JOURNAL ARTICLE

HIV, hepatitis B virus, and hepatitis C virus co-infection in patients in the China National Free Antiretroviral Treatment Program, 2010-12: a retrospective observational cohort study

Fujie Zhang, Hao Zhu, Yasong Wu, Zhihui Dou, Yao Zhang, Nora Kleinman, Marc Bulterys, Zunyou Wu, Ye Ma, Decai Zhao, Xia Liu, Hua Fang, Jing Liu, Wei-Ping Cai, Hong Shang
Lancet Infectious Diseases 2014, 14 (11): 1065-1072
25303841

BACKGROUND: Hepatitis-related liver diseases are a leading cause of mortality and morbidity among people with HIV/AIDS taking combination antiretroviral therapy. We assessed the effect of hepatitis B virus (HBV) and hepatitis C virus (HCV) co-infection on HIV outcomes in patients in China.

METHODS: We did a nationwide retrospective observational cohort study with data from the China National Free Antiretroviral Treatment Program from 2010-11. Patients older than 18 years starting standard antiretroviral therapy for HIV who had tested positive for HBV and HCV were followed up to Dec 31, 2012. We used Kaplan-Meier analysis and Cox proportional hazard models to evaluate survival, and logistic regression models to estimate virological failure, immunological response, and retention in care.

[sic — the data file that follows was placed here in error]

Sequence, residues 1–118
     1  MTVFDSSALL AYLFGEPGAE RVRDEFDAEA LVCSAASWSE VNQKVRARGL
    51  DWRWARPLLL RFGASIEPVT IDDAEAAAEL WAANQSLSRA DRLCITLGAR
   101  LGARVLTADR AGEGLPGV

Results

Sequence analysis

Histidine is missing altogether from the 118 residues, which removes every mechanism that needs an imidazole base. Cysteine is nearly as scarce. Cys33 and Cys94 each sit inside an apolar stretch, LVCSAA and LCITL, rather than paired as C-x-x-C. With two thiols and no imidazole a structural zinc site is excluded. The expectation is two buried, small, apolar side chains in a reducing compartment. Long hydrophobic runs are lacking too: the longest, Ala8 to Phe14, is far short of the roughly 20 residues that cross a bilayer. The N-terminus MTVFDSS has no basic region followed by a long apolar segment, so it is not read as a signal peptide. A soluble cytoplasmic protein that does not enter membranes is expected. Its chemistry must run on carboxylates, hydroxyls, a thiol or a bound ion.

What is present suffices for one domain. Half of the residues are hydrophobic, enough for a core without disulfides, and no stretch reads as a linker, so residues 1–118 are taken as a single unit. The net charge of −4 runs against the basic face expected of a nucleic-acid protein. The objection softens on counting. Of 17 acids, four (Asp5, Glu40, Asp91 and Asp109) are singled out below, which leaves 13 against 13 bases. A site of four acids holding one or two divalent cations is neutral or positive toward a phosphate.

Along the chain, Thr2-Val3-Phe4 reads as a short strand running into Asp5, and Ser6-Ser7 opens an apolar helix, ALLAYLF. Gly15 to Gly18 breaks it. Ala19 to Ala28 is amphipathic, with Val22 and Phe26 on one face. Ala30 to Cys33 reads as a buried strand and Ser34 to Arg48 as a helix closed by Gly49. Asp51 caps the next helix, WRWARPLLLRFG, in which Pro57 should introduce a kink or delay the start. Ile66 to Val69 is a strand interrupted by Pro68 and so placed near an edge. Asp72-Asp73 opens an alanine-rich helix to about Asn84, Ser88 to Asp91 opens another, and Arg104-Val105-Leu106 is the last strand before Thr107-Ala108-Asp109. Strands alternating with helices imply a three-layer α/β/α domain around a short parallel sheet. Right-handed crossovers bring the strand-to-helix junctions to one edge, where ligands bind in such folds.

FINDINGS: 33 861 patients with HIV met eligibility criteria. 2958 (8·7%) participants had HBV co-infection, 6149 (18·2%) had HCV co-infection, and 1114 (3·3%) had triple infection. All-cause mortality was higher in participants with triple infection (adjusted hazard ratio 1·90, 95% CI 1·53-2·37) and HCV co-infection (1·46, 1·25-1·70) than in those with HIV only, but not in those with HBV co-infection (1·06, 0·89-1·26). People with triple infection were also more likely to have virological failure (adjusted odds ratio [OR] 1·26, 95% CI 1·02-1·56) than were those with HIV only, whereas the difference was not significant for those with HBV co-infection (0·93, 0·80-1·10) or HCV co-infection (1·10, 0·97-1·26). No co-infection was significantly associated with a difference in CD4 cell count after 1 year of treatment. Loss to follow-up was more common among participants with triple infection (OR 1·37, 95% CI 1·16-1·62) and HCV co-infection (1·30, 1·17-1·45), but not HBV co-infection (0·93, 0·82-1·05), than among those with HIV only.

INTERPRETATION: Screening for viral hepatitis is important in individuals diagnosed as HIV positive. Effective management for viral hepatitis should be integrated into HIV treatment programmes. Long-term data are needed about the effect of hepatitis co-infection on HIV disease progression.

FUNDING: The National Center for AIDS/STD Control and Prevention, China Center for Disease Control and Prevention.

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